Extreme poverty is an issue which, to some, appears to be immensely complicated. The philanthropic world examines a plethora of issues relating to poverty in hopes of discovering solutions to meet the needs of people dying daily from causes that we have the full capabilities and resources to eliminate. Many campaign for a wide-ranging approach to attack the problems of poverty with private investment, responsible political leadership, and large-scale aid to alleviate current suffering.
However, as I read through the vast number of articles
published by non-profit organizations, watch interviews
with world leaders, and hearpromising statistics
on how poverty is being eradicated, I cannot help but see a grossly overlooked
topic which although spoken about, never seems to truly be addressed: Inequality.
Extreme poverty, in my view, is an incredibly simple issue with a simple explanation. Money is a fixed tool of measurement. This means that there are only so many dollars, pounds, etc. that exist. For example, let us say that there are $7,000,000,000 in total existence – roughly the number of people on earth. Now let us suppose that of those 7 billion dollars, 39% our owned by the top 1%
of people. When such a large portion of the pie is being eaten by such a few number of people, it’s simple to see why poverty is so rampant around planet earth.
How We Define “Poverty”
When searching for the root cause of poverty in our world, I believe it is of utmost importance to define exactly what we mean by poverty. Many organizations define poverty strictly in monetary terms. We hear statistics such as “half of the world lives on less than $2 per day
” but does that statistic truly reflect the conditions of life for half of the world’s population? For example, a farmer may live on less than $2 per day, while providing the essentials of water and food from working their land. If an outside entity were to view this farmer based solely on his income, he may be viewed as impoverished and encouraged to move into the city where he might earn a higher wage through some sort of factory work.
I think that an accurate definition of poverty would have to be linked also to how we define “quality of life.” For the purposes of this article, I will discuss “quality of life” in terms of the physical needs we human beings have. Certainly, there are many other spiritual and social factors which come into play when discussing the quality of one’s life, but perhaps that will be for a future article.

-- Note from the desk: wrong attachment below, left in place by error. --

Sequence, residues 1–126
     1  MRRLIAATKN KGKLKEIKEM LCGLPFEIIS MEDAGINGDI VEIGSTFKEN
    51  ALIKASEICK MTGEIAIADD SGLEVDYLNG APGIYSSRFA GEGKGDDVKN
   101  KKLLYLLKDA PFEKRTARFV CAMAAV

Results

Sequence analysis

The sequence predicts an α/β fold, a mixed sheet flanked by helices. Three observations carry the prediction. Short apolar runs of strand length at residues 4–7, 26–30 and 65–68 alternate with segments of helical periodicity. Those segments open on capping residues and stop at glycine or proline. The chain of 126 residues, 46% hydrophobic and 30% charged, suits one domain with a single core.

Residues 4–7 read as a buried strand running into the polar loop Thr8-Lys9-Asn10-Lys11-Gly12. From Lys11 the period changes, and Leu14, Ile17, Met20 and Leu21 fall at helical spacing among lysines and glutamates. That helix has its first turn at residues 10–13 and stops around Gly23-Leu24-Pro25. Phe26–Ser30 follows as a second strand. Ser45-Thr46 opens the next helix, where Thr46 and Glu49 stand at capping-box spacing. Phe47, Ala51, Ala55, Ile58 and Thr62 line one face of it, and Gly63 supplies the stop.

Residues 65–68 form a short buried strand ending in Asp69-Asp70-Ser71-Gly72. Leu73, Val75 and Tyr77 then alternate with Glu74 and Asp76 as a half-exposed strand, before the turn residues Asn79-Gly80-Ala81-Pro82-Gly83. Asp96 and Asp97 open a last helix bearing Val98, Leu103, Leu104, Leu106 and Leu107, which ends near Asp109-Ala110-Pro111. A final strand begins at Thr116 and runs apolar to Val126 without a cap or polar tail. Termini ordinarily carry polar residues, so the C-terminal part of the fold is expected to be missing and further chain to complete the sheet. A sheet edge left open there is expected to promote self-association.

What do we think it means to truly live a quality life? In my view there are few and simple true needs that we as human beings have to live healthy: clean water, healthy food, safe shelter, education and communication (relationships). A community which lacks access to these vital needs experiences needless suffering, as we have all of the resources and technical capabilities to provide them for all of humanity. There are some who believe the earth simply does not have the resources to support the number of people on earth and that poverty is a natural result of an overpopulated planet. But I believe this to be a highly short-sighted viewpoint.
The world is not overpopulated, as though our planet has a capacity limit, but the resources we have available are incredibly mismanaged by we humans. Admitting this is perhaps a first step in understanding the root cause of poverty. The planet is not at fault for poverty, just as the people themselves are not responsible for poverty; rather, the systems in which we the people place our beliefs are not working and have not worked throughout our history to achieve a quality life for each person.
What can give people access to the vital needs of life?
Clean water is the most fundamental element of life. It is also the prime force for agricultural growth and health. We have the technology and resources to easily provide clean water for the world. There is one reason always given for why we do not make clean water for all a reality – cost.Nearly half of the world’s population lives within 200 km of a coastline.Desalination
is a simple but costly
process which converts seawater into drinkable water through reverse osmosis. If we can overcome the monetary restriction within our minds, we can finally harness the most vast source of water our planet – the oceans.
The question we must ask ourselves in regards to providing a quality life for each one of us is “what is our concern?” If our primary concern is money and cost, poverty will continually be perpetuated around the world. But if we determine to concern our selves not by what it may cost in terms of a digital bank account number; rather, by what it may cost in human lives if we do not implement the technology and resources we have to create a better world for each one of us.